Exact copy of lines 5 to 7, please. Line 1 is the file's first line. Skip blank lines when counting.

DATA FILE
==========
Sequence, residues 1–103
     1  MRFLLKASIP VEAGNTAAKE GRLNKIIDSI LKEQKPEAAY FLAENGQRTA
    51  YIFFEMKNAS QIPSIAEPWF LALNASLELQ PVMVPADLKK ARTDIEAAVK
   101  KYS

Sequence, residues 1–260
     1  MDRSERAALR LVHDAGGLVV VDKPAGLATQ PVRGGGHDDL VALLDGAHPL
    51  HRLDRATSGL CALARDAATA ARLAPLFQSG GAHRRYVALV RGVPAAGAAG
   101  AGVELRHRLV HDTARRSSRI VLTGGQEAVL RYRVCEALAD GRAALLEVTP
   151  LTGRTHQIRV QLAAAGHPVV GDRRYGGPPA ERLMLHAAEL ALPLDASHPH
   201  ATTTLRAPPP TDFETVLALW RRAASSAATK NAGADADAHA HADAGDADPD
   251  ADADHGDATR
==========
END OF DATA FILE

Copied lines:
Sequence, residues 1–260
     1  MDRSERAALR LVHDAGGLVV VDKPAGLATQ PVRGGGHDDL VALLDGAHPL
    51  HRLDRATSGL CALARDAATA ARLAPLFQSG GAHRRYVALV RGVPAAGAAG